How to prepare an Italian antipasto platter

Antipasto is the Italian word for starter. It literally means ‘before the meal’. Since the Italian meal structure is different to that found abroad, it requires a little clarification. It’s more akin to the French hors d’oeuvres than to an anglo-saxon starter.


What does an antipasto platter consist of?

As Italian cuisine is highly regional, what people serve as antipasti differs. However, in central Italy, it generally consists of cold meats, cheeses, and grilled or pickled vegetables, with regional variations, of course.

I’m going to take you through how to prepare a typical central-northern Italian antipasto platter, which is the kind of thing you’d find in the regions of Tuscany, Emilia-Romagna, Umbria, and northern Lazio. It will consist of four distinct ingredient sets: salumi (cold meats), formaggi (cheeses), verdura (vegetables), and pane (bread).


A typical antipasto platter will contain three to four cold meats of different types. First, a prosciutto crudo (cured ham), then one or two salami, and finally another kind of meat such as mortadella (a bit like baloney or luncheon meat). In Italy, these meats would all come from the same area or region. For example, in Tuscany you might have prosciutto Toscano, with finocchiona (fennel salami), whereas in Emilia-Romagna they’d prefer prosciutto di Parma and coppa. Here’s a handy guide to Italian salumi by region.

Prosciutto di parma, coppa, salame milano, and mortadella, clockwise from left.


Again, the general rule of thumb is two to three different types of cheese, selected from the same area or region as the cold meats. Most people will choose a hard cheese and a soft cheese for contrast. You can either slice the cheeses yourself or allow your guests to help themselves. Here’s a handy guide to Italian cheese.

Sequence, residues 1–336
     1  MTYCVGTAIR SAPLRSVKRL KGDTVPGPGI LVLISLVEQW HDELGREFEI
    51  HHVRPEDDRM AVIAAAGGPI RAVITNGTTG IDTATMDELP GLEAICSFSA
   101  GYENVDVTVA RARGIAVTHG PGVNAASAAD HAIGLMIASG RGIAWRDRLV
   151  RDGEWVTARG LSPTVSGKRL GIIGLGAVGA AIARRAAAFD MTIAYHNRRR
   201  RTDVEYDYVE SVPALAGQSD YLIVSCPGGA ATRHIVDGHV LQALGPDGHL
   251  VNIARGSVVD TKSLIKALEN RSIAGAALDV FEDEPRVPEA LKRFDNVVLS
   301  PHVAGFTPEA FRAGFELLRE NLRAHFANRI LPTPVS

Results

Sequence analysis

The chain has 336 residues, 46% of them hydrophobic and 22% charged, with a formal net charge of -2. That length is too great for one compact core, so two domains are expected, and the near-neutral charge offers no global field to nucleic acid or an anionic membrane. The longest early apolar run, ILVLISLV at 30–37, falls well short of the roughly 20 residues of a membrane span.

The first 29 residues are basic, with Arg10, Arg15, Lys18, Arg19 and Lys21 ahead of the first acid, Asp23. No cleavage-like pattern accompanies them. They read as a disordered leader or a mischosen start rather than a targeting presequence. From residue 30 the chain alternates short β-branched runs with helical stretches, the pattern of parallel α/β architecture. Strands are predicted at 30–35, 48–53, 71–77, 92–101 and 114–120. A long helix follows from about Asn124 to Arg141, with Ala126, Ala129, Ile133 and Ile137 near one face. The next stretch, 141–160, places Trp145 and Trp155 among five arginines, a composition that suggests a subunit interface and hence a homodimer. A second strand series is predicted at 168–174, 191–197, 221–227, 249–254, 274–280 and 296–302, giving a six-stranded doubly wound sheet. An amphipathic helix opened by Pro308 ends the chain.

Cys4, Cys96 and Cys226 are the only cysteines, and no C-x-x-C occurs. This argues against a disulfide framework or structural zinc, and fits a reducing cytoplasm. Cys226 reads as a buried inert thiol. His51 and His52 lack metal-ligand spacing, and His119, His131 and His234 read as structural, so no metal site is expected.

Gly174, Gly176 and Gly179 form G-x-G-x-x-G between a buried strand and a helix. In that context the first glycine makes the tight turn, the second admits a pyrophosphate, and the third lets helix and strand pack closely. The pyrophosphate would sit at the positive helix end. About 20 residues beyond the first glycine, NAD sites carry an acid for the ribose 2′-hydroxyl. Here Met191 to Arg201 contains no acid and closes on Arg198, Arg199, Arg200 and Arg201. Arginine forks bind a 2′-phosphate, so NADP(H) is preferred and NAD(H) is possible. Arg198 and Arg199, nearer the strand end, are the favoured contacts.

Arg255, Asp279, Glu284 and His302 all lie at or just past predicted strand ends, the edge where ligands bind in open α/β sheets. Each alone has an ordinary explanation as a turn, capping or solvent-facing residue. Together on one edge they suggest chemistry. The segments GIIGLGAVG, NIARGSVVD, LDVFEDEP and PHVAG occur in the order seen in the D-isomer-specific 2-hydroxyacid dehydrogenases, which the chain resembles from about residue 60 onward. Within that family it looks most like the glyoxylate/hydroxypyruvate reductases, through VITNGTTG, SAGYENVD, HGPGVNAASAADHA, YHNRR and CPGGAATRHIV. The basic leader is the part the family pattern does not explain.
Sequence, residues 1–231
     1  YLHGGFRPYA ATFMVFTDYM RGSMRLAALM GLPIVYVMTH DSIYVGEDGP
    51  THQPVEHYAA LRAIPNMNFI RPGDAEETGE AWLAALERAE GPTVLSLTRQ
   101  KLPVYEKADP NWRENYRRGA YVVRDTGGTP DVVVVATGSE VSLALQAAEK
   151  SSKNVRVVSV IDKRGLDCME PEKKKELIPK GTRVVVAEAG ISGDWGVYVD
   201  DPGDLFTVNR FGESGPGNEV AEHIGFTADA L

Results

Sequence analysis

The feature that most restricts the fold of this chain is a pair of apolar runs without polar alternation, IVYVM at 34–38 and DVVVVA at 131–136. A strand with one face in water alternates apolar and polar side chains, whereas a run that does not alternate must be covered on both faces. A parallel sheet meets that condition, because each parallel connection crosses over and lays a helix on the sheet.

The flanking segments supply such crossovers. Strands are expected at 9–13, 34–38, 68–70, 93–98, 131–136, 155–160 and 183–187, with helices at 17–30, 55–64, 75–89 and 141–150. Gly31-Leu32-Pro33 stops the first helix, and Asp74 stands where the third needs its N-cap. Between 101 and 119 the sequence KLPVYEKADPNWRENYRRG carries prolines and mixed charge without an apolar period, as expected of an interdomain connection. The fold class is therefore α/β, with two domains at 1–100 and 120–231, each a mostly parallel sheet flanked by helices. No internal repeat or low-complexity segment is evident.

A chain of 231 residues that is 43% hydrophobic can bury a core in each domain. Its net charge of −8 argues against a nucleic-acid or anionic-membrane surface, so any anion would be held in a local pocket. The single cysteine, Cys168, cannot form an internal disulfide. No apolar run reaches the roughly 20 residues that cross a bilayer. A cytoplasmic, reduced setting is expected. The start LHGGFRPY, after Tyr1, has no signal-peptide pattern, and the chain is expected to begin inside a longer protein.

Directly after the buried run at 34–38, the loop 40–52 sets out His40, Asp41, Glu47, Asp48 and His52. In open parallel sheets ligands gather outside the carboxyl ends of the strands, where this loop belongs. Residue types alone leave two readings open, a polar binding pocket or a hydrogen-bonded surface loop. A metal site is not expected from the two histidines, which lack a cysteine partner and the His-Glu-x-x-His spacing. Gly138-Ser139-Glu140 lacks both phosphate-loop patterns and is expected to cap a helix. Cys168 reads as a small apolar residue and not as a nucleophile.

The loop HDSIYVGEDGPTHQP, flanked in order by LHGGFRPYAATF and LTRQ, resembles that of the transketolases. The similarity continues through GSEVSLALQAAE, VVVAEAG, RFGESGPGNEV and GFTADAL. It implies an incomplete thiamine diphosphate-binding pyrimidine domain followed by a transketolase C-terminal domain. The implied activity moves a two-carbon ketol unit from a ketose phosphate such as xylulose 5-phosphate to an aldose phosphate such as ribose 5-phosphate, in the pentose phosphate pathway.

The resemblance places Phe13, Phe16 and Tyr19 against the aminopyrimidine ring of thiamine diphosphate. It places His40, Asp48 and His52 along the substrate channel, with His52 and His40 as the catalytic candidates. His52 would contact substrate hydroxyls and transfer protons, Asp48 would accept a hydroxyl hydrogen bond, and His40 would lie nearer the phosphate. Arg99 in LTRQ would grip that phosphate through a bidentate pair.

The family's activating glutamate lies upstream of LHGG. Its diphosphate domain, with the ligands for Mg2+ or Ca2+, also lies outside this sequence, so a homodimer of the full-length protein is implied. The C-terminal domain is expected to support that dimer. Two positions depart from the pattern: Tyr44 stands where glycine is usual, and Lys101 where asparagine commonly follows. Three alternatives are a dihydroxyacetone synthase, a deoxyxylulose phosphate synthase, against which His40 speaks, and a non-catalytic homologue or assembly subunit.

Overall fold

Pecorino di fossa and squacquerone cheese.


The vegetables served as antipasti are generally cold: grilled vegetables preserved in oil and pickled vegetables. The range often includes eggplant, zucchini, mushrooms, sundried tomatoes, onions, artichokes, and carrots. Again, choose two or three different types for variety.

Grilled zucchini and sweet and sour onions.


The kind of bread served in Italy varies wildly from region to region. In Emilia-Romagna, you are likely to find gnocco fritto (pillows of deep-fried dough), in Tuscany pane sciocco, (unsalted bread), while in Umbria torta al testo (a kind of flatbread) is order of the day. In Lazio you will find pane casareccio served in slices.

A Tuscan antipasto platter will also consist of crostini, slices of toasted bread with various toppings. For more about those click here.



As an antipasto is a starter, I would serve one slice of each kind of meat per person, a couple of slices of cheese and a couple of slices of bread per head, and then a small amount of vegetables. You could increase the amounts to make it part of a buffet for an aperitivo or party.

My platter

For my platter, I used the following: prosciutto di Parma, coppa, salame Milano, mortadella, pecorino di fossa, squacquerone, grilled zucchini, cipolla in agrodolce (sweet and sour onions), and breadsticks.

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